Broadcast Pix has developed a new family of Internet Protocol (IP)-native integrated video production switchers that allows users to control a multi-camera video production with a traditional switcher control panel as easily as navigating a corporate presentation with a cell phone or tablet. The company will demonstrate these new networkable switchers this month at the 2017 NAB Show in Las Vegas.
StreamGuys, a content delivery network and streaming media provider, will launch new video features in its cloud-based SGrecast live stream repurposing platform.
FireFly Cinema releases new Version 6 of FirePlay, FireDay and FirePost dailies, archiving and color management software.
The European Union has passed portability rules allowing cross border access to online services between all member states, which would give consumers ubiquitous access to content such as movies and live sports streams that they have paid for, wherever they are. The agreed measures await formal ratification by the two EU executive bodies, the Council of the European Union and European Parliament, which if forthcoming as expected means they would come into force around the beginning of 2018.
Vimond Media Solutions is adding five new components to its cloud based online video portfolio at the 2017 NAB Show, focusing on workflow, rights and content management, as well as monetization. The company is also enhancing existing tools with the aim of providing a complete package for media companies seeking to reach audiences online directly.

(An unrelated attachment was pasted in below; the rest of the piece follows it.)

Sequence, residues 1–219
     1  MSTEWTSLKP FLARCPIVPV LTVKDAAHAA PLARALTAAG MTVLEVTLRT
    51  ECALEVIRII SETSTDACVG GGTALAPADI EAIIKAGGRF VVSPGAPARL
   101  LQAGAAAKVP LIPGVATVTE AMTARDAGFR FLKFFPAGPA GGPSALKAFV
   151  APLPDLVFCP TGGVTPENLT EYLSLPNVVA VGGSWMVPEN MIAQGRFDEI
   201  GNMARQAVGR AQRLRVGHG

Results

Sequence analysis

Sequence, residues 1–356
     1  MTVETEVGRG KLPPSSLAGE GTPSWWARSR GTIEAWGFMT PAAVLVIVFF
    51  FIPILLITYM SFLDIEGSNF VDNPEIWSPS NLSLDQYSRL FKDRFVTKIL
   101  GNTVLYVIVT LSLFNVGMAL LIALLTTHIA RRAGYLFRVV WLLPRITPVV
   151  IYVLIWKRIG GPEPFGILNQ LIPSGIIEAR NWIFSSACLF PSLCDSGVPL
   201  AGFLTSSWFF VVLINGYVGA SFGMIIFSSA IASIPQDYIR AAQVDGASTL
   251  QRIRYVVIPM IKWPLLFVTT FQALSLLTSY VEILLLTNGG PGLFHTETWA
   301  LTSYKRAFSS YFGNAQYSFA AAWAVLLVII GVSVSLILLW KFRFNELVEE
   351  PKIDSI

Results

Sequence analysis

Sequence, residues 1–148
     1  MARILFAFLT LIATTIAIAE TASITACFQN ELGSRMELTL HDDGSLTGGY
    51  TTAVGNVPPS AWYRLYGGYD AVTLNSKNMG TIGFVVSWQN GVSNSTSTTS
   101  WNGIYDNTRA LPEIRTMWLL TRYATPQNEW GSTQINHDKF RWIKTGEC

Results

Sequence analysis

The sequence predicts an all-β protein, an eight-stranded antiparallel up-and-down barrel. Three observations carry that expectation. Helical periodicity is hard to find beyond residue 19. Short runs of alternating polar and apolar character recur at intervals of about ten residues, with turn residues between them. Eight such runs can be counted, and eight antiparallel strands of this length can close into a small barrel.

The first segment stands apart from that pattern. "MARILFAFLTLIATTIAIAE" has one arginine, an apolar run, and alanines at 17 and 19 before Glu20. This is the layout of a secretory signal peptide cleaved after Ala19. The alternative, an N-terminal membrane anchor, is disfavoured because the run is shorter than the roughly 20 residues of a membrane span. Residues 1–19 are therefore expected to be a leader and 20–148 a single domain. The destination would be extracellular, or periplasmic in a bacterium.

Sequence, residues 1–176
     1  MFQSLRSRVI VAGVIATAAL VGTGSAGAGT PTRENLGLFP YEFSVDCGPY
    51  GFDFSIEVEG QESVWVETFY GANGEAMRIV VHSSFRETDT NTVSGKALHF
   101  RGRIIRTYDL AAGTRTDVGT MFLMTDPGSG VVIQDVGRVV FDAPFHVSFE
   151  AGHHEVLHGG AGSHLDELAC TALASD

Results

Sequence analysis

As web browsers move rapidly to sunset their support for Flash, companies that rely on Flash for video playback are being forced to make changes. Apple has led the charge in driving the need for this change by disabling Flash by default in Safari 10, and Chrome and Firefox are quickly following suit. Some media companies migrated to HTML5 video players in early 2016 in anticipation of these industry-wide changes, but others have remained in a ‘wait-and-see’ mode to see if Flash really is going away. Companies that haven’t moved to an HTML5 video player are now stuck between a rock and a hard-place. For them, it’s either risk the impact of Flash being disabled and react as needed, or remove this risk at the expense of making this migration an immediate priority. The reticence of those that remain reliant on Flash has to do with not being able to properly evaluate the risk and effort involved.
We’ve been closely involved in this transition with our customers, providing us a diverse and holistic view of what all is involved. Here are the major things you can expect, and why moving to HTML5 video sets your company up for future success.